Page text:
The effects of Wirecard’s collapse are now rippling around the world, depriving millions of workers in the global freelance economy from access to their money.
Many of those without formal employment contracts, often people on low earnings, use pre-paid payment cards or digital wallets to receive and store earnings from the people they work for.
Without warning, payment cards have stopped working
But following this week’s collapse of German payments company Wirecard, without warning some of those payment cards and digital wallets have stopped working.
The suspension of the card payments systems came as a result of a decision yesterday by the UK’s financial regulator, the Financial Conduct Authority (FCA), acted to freeze the accounts of a UK-based Wirecard subsidiary.
The FCA said it was taking this action because of a need to prevent cash being funnelled by the UK subsidiary, Wirecard Card Solutions, back to the now insolvent German parent company.
“Our primary objective is to protect the interests and money of consumers who use Wirecard,” the FCA said.
“Following last week’s news of €1.9 billion missing from the accounts of the German company, Wirecard, we immediately placed requirements on the firm’s UK business so that it should not pay out or reduce any money it holds for its customers except on their instructions.”
However, many pre-paid payment cards or wallets used around the world by freelancers—run by global companies such as Payoneer, Crypto.com, Anna Money, Curve, FairFX, Pockit—relied on the Newcastle-based Wirecard subsidiary to operate.
Clients of Payoneer, one of the affected payment card companies, have taken to social media today to express their frustration at losing access to their money.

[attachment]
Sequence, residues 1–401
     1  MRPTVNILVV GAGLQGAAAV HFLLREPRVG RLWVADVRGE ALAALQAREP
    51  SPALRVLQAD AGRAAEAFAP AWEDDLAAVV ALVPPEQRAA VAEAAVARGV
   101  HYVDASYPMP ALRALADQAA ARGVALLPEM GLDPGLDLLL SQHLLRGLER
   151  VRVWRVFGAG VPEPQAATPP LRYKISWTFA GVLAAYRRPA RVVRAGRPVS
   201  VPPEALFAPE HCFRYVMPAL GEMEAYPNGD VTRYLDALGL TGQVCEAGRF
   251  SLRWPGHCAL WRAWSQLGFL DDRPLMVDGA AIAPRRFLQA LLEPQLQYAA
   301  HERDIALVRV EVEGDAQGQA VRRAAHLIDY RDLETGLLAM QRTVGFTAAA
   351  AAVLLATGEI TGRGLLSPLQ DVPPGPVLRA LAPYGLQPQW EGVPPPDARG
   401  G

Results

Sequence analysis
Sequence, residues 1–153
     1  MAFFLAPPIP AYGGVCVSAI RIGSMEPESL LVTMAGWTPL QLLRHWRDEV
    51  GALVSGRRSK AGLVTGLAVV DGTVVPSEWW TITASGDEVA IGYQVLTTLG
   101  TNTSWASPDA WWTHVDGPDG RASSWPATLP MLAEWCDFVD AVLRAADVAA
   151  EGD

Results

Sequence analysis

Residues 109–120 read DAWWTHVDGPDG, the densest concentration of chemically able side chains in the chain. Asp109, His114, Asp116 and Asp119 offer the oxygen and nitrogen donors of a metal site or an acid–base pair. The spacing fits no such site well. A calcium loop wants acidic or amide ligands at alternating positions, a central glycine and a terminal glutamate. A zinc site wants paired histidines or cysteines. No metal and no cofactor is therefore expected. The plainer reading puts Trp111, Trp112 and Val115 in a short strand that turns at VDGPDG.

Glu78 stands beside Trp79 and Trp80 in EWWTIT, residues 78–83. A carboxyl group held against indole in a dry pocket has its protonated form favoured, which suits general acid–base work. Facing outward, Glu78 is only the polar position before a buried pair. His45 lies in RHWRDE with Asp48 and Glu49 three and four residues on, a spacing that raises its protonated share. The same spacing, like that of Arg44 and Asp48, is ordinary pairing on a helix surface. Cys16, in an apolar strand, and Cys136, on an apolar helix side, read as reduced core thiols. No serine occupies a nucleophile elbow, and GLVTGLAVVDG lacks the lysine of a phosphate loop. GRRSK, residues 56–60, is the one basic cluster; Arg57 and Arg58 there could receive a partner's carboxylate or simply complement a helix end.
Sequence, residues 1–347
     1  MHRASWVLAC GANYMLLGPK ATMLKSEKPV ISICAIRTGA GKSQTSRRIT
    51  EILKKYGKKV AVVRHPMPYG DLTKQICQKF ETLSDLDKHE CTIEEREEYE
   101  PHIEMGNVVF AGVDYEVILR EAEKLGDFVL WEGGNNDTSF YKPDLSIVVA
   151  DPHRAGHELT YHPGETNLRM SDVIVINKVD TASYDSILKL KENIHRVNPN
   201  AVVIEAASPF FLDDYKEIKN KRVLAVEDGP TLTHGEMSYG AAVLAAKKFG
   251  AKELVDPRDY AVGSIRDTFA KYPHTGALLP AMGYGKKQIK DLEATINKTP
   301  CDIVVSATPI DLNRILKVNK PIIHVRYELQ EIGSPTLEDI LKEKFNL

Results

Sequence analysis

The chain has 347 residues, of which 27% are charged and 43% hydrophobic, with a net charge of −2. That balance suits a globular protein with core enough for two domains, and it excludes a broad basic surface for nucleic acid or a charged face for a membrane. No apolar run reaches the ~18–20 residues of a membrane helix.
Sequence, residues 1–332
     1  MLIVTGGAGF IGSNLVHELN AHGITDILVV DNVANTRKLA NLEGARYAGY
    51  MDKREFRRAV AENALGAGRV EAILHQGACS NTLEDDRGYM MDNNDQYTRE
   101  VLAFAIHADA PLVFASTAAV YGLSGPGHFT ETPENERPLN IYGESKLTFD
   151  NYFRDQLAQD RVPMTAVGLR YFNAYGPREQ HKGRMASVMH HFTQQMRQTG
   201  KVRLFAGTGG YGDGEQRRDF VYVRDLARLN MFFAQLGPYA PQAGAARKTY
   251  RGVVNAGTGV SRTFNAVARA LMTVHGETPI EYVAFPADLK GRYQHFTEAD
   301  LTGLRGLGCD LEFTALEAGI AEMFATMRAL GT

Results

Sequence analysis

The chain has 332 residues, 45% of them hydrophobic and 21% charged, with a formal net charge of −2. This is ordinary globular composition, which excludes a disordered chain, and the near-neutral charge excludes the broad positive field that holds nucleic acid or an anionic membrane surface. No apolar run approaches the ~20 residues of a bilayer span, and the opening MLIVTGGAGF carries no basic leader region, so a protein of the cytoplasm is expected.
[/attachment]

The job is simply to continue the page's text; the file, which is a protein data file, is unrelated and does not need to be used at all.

“I lost my family savings with #payoneer and #wirecard. This is fucking hell. What’s your responsibility for this, Payoneer?”, a Ukrainian client of the firm said on Twitter.
“Many of us freelancers in Africa who use Payoneer to receive payment have our money trapped too due to this issue. I don’t even understand the fallout, but I want my $$ released to me,” another client said.
In a recent YouTube interview, Payoneer CEO Scott Galit described his firm’s business as “democratising access to financial services for the smallest business of the most emerging market to the biggest digital business in the most developed market.”
Payoneer also works with companies like Shutterstock and AirBnB to process payouts to the people renting out services and properties.
According to Galit, Payoneer has millions of clients in more than 200 countries.
In a June 26 blog, Payoneer acknowledged that clients’ funds were frozen but said the situation is temporary.
“Pending further actions from the FCA, you will temporarily be unable to withdraw the funds on your card, nor receive new payments onto your card,” Payoneer said.
“We believe that cardholder funds are properly safeguarded and that the freeze will be temporary,” the firm said.
One industry expert, however, said clients may face a long wait for access to their money.
“Moving payment processor [the capacity in which Wirecard worked for the affected card firms] is a major undertaking,” David Parker, a payments commentator, said on LinkedIn.
Parker is an advisor to Curve, one of the affected companies.
Alex Letts, an entrepreneur, said the impact of Wirecard may be much more dramatic than many expect.
“I think that the FCA action has jeopardised far more than some payment accounts. It threatens to contaminate the whole industry, safe brands and non wirecard companies. The fintech party in banking is now in real trouble,” he said.
The UK’s financial technology sector has raised more than $5bn in investment so far this year, despite the impact of coronavirus and more than other European countries combined.
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